Bake: Authentic Italian pistachio biscotti

Also known as cantucci, these nut-studded cookies make great home-made gifts

We're all experts on Italian ice-creams and gelato these days but 30 years ago our knowledge of Italian fare didn't stretch further than our annual Cornetto. On a recent trip to London I noticed many Italian pasticceria (pastry shops) on fashionable streets. With so few in Ireland, could this mean we might be a little oblivious to the treasures to be tasted in a typical Italian bakery?

Italy is famous for its delicious pizzas and wonderful pastas. However, a typical cookery school follows the classical French culinary techniques, hence many scrumptious Italian cakes and Italian pastries are lesser known.

At Christmas, many of those Italian treasures claim centre stage in speciality food shops and at festive markets where hampers are piled high with an array of beautifully wrapped panettone, cantucci and chocolate salami.

The best pastries and confectionaries in Europe such as French truffles, German stollen and Spanish turrón (nougat) share the familiar festive tastes of dried fruits, nuts and spices, yet it is testimony to their strong cultures and baking traditions that each retains its distinctive personality.

A gift will always be more special when it is hand baked. Biscotti (also known as cantucci) are nut studded, not-too-sweet Italian cookies with a distinctive half-moon shape. The name means twice-cooked, which is what gives them a dry, crunchy texture and long shelf life, perfect for edible gifts. While we like to dunk our biscuits in tea or coffee, our ever elegant Italian neighbours coolly dip their biscotti in a sweet dessert wine called vin santo (I think I’ll stick with the tea).

A traditional biscotti recipe uses just four ingredients, flour, sugar, eggs and almonds, but now baking powder is often used. And it is baked twice: first in a large log shape, and again after it has been cut into individual slices – the second baking determines how hard the biscotti are. Don’t feel limited by tradition.

I love the green colour contrast pistachio nuts give. Another popular variation is chocolate biscotti (just substitute some flour with cocoa powder). A luxurious touch is to dip the tip of each biscuit in cooled melted white or dark chocolate. If you can get your hands on little see-through gift bags, they look very pretty tied up with ribbon, or alternatively ask your local florist to sell you a metre or two of florist wrap which you can tie up into handy parcels.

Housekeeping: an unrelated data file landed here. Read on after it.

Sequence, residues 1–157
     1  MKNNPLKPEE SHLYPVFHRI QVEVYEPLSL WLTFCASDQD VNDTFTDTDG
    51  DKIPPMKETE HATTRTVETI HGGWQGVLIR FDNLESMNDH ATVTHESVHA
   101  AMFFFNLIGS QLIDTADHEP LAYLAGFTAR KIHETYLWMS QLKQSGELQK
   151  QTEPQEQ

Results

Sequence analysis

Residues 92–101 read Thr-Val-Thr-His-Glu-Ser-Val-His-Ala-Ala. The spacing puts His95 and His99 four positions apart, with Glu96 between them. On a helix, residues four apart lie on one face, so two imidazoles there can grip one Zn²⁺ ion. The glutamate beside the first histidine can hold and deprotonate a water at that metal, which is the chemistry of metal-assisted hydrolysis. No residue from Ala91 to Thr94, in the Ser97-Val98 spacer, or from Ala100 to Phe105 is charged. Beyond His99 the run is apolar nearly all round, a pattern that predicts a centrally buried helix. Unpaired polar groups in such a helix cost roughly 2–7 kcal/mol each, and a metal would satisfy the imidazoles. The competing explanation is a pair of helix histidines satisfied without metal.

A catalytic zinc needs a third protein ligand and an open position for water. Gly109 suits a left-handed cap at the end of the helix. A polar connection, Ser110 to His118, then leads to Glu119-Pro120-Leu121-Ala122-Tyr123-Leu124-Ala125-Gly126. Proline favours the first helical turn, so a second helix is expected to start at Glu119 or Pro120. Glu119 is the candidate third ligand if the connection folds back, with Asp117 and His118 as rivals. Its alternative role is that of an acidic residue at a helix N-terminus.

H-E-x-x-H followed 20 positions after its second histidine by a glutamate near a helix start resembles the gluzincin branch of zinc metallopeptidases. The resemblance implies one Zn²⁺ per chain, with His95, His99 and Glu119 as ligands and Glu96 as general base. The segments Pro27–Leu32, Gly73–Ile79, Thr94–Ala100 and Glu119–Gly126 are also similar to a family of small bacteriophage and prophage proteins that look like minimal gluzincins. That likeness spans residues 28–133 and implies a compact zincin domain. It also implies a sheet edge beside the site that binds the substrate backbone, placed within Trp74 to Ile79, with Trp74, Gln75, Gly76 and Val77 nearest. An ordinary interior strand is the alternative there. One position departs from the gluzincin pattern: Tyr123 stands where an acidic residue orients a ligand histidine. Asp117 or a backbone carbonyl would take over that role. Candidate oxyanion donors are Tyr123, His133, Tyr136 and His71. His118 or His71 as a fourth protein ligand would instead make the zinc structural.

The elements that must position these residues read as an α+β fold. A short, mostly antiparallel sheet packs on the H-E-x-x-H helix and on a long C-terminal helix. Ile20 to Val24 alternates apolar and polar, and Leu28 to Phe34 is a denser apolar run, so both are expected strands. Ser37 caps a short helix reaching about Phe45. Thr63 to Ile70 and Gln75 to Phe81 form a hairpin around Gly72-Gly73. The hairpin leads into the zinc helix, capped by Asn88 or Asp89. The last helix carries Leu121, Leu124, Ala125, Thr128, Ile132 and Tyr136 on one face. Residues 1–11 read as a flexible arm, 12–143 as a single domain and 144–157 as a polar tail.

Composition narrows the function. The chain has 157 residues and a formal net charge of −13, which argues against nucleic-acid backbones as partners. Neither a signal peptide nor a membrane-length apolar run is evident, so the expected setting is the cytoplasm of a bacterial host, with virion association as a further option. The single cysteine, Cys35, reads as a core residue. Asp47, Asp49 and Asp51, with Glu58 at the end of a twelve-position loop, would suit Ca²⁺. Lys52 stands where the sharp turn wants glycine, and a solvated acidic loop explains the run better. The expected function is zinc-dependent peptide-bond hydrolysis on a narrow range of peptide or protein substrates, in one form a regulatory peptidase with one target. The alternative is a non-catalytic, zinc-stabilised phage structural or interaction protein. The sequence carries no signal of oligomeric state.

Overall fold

Pistachio biscotti


Makes 20-24

250g plain flour

1 tsp baking powder

pinch salt

125g caster sugar

2 medium eggs, lightly whisked

1 egg yolk

1 tsp vanilla extract

100g whole unsalted pistachio nuts (not in shell)

optional: 1 tsp icing sugar, for dusting


1. Preheat the oven to 180°C fan.

2. Sift the flour, baking powder and salt into a mixing bowl. Stir in the sugar.

3. Make a well in the centre and stir in the eggs and vanilla extract with a wooden spoon to form a smooth dough.

4. Add the pistachio nuts and gently knead them into the dough using your hands.

5. Divide the dough in half and on a well floured surface roll each half into a thick sausage about 6cm wide. Place on a baking sheet lined with baking parchment leaving space between them as the mixture will spread slightly.

6. Bake in the centre of the oven at 180°C for 20 minutes or until lightly golden. Remove from the oven and allow to cool down for 15 minutes.

7. Cut crossways into 1cm thick slices, return slices on to the baking sheet, cut side facing down. Reduce the oven temperature to 150°C and bake for a further 20-25 minutes until dry and crispy (I turn them over half way through for an even bake).

8. Remove from the oven and allow to cool a wire rack. Store in an airtight container for up to 10 days.


The recipe is a great way to use up extra nuts in your storecupboard. Whole almonds, blanched hazelnuts and even peanuts go well. If you want to, you can add dried fruits.

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